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Chicago's Senza restaurant, the proud recipient of a recent Michelin star, does modernist cuisine right. Dishes are creative and artfully plated, decorated with various microgreens, reductions and other fine touches. All courses are perfectly paired with a wine or a cocktail. Oh yeah, one other thing: It's completely gluten-free.

Chicago's Senza restaurant, the proud recipient of a recent Michelin star, does modernist cuisine right. Dishes are creative and artfully plated, decorated with various microgreens, reductions and other fine touches. All courses are perfectly paired with a wine or a cocktail. The 48-seat restaurant is housed in a stylish yet welcoming space. Service is friendly, knowledgeable and exceedingly professional. People swoon over the pasta courses.

Oh yeah, it’s also completely gluten-free. Like, not-a-speck-of-enriched-wheat-flour-in-the-entire-joint gluten-free. Senza, in case you didn't know, is Italian for “without.”

Chef Noah Sandoval explains: “We’re set up for extreme celiacs, and they can’t be around gluten at all. I know there’s a lot of stuff around right now about whether or not it’s legit, but there are people who can’t eat anywhere. [Celiac disease] is real. It might not be as common as people believe, but that’s why we’re here.”

Originally from Richmond, Va., Sandoval cooked in New Orleans before moving to Chicago to work at C-House, Spring and most recently, Michael Carlson’s innovative Schwa. Food Republic recently sat down with Sandoval to talk about the rigors of keeping a gluten-free kitchen and the struggle to appeal to the greater, non-celiac masses, too.

Do you keep a gluten-free diet?
No, not even close. I eat as much gluten as possible!

So how did you end up at a totally gluten-free restaurant?
I answered a Craigslist post! I came in and the owners [Susan McMillan and Amelia Fonti] were super nice. I really liked them. And they were like, "Oh yeah, it’s gluten-free." And I thought, "Am I going to walk away from this? Am I that closed-minded that I’m not going to do it?" At that time, I was just like everybody else: "Oh man, these gluten-free people are coming in….You have to watch this, and they can’t eat that, and I think they can eat this, but I’m not sure." Thinking that it’s a pain in the ass to cook for them. So, my first reaction was to be a little scared — I didn’t know if I could do it or not. I wasn’t sure if I was educated enough. I wasn’t! But, eventually, it became pretty easy.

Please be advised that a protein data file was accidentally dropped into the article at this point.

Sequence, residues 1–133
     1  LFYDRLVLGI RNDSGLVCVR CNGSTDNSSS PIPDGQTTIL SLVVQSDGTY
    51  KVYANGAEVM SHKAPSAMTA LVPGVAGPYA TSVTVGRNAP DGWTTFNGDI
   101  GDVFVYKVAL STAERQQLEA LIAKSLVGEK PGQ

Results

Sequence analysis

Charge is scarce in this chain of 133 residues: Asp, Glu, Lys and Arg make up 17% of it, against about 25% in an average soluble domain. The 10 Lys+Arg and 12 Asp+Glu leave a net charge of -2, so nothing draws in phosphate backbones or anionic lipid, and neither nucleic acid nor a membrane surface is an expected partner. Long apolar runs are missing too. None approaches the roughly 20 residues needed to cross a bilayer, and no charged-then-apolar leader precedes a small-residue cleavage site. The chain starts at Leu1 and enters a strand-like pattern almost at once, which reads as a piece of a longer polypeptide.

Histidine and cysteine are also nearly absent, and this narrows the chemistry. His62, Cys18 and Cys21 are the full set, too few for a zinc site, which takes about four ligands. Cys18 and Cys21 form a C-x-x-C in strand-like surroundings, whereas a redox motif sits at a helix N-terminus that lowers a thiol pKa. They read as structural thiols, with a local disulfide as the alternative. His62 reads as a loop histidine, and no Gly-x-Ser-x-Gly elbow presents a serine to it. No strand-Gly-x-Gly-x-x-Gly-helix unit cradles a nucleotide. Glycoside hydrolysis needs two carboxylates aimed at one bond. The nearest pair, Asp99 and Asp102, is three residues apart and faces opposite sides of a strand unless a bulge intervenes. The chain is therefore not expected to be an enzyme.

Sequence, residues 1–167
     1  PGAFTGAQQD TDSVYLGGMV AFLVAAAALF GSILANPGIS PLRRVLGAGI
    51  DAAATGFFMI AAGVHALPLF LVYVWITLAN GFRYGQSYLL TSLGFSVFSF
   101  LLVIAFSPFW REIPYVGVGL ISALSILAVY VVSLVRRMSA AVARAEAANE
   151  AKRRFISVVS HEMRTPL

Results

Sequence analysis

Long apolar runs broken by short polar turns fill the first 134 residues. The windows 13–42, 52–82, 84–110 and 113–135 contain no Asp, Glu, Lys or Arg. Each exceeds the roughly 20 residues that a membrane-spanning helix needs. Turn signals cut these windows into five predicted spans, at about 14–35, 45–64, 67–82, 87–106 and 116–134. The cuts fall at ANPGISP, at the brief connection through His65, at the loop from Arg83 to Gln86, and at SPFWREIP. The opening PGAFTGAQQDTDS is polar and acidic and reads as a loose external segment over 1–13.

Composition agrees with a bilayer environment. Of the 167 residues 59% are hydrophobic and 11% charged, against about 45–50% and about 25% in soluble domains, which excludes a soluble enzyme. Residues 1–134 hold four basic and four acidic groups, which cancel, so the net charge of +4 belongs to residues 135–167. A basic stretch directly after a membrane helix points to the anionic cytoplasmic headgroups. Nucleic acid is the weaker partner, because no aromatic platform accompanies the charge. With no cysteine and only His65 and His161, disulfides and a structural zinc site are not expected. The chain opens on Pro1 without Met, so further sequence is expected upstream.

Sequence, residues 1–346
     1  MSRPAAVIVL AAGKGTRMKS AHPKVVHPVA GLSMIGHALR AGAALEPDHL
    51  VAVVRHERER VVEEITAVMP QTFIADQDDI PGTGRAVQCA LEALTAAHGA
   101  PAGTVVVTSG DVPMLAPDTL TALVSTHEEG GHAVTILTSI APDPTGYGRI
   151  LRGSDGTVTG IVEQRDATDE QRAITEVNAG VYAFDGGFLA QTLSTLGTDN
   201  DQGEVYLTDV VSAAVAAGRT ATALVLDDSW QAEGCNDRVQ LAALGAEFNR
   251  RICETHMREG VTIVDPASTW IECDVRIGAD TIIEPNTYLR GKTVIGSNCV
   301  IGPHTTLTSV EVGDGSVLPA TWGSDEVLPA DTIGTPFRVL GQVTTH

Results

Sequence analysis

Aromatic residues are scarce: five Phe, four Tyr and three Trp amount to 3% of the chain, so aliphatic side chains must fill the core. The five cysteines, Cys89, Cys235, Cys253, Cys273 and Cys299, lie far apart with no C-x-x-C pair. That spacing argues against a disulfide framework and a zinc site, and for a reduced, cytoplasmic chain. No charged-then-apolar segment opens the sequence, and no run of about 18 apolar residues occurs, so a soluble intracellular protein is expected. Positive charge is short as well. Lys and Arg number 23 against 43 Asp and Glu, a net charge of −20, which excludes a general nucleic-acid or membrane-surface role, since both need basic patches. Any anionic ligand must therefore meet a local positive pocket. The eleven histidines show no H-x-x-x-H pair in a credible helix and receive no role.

I think one of the biggest surprises here is how good your pastas are. What’s in the flour mix?
Guar gum, xanthan gum, potato starch, tapioca flour and rice flour, in different proportions.  Guar gum is the only ingredient [in the kitchen] that is only used for the gluten-free stuff.

Who has been your biggest influence on what you’re doing at Senza?
Anyone who has ever worked at Schwa will say [Michael Carlson] is the biggest influence. Michael’s a genius. He’s very aware of what he [and other people] are doing. He’s traveled and he has cooked all over the world. And there are just all of these little things that you never knew, and he’s like, "Hey, check this out…." You don’t have to be playful to be kind of Schwa-ish. It’s just the idea of balance. He has a different type of balance that he’s learned from extremely knowledgeable people. He’s been really influential to me.

What’s been the biggest challenge for Senza?
Just overcoming the perception that we’re some kind of health-food restaurant. People just stay closed-minded about it. We started a little behind based on that, but we now have regulars who come back all the time who aren’t gluten-free. You know, they eat pizza but they also come here! It makes me realize that we aren’t seen as just a gluten-free restaurant to everyone.

Senza got a Michelin Star last fall, making it the only gluten-free Michelin-starred restaurant in the world. That must help, right?
Absolutely! But it just goes to show that it isn’t that hard. We just need to be sure that we stay clean. And, you know, we’d do that anyway. We’ve just got to watch what’s coming through the backdoor and we’ve got to make sure things taste good. People think it’s so hard, but it’s not. Anybody out there who is skilled and has a restaurant that is good, I think that it could be equally as good without using gluten. I’ve never really had a roadblock.

Any tips for home cooks who need or want to try gluten-free cooking at home?
Yeah. This is a good one: When you’re baking, cool it down and then reheat it again. Don’t eat it right away. It’ll be gummy. Even though everyone wants to eat cookies and bread out of the oven — wait until it’s cold. Cool it completely, then reheat it. And just experiment with things and read good sources. Don’t read health-food sites for your recipes!

Senza
2873 North Broadway
Chicago, IL 60657
773-770-3527
senzachicago.com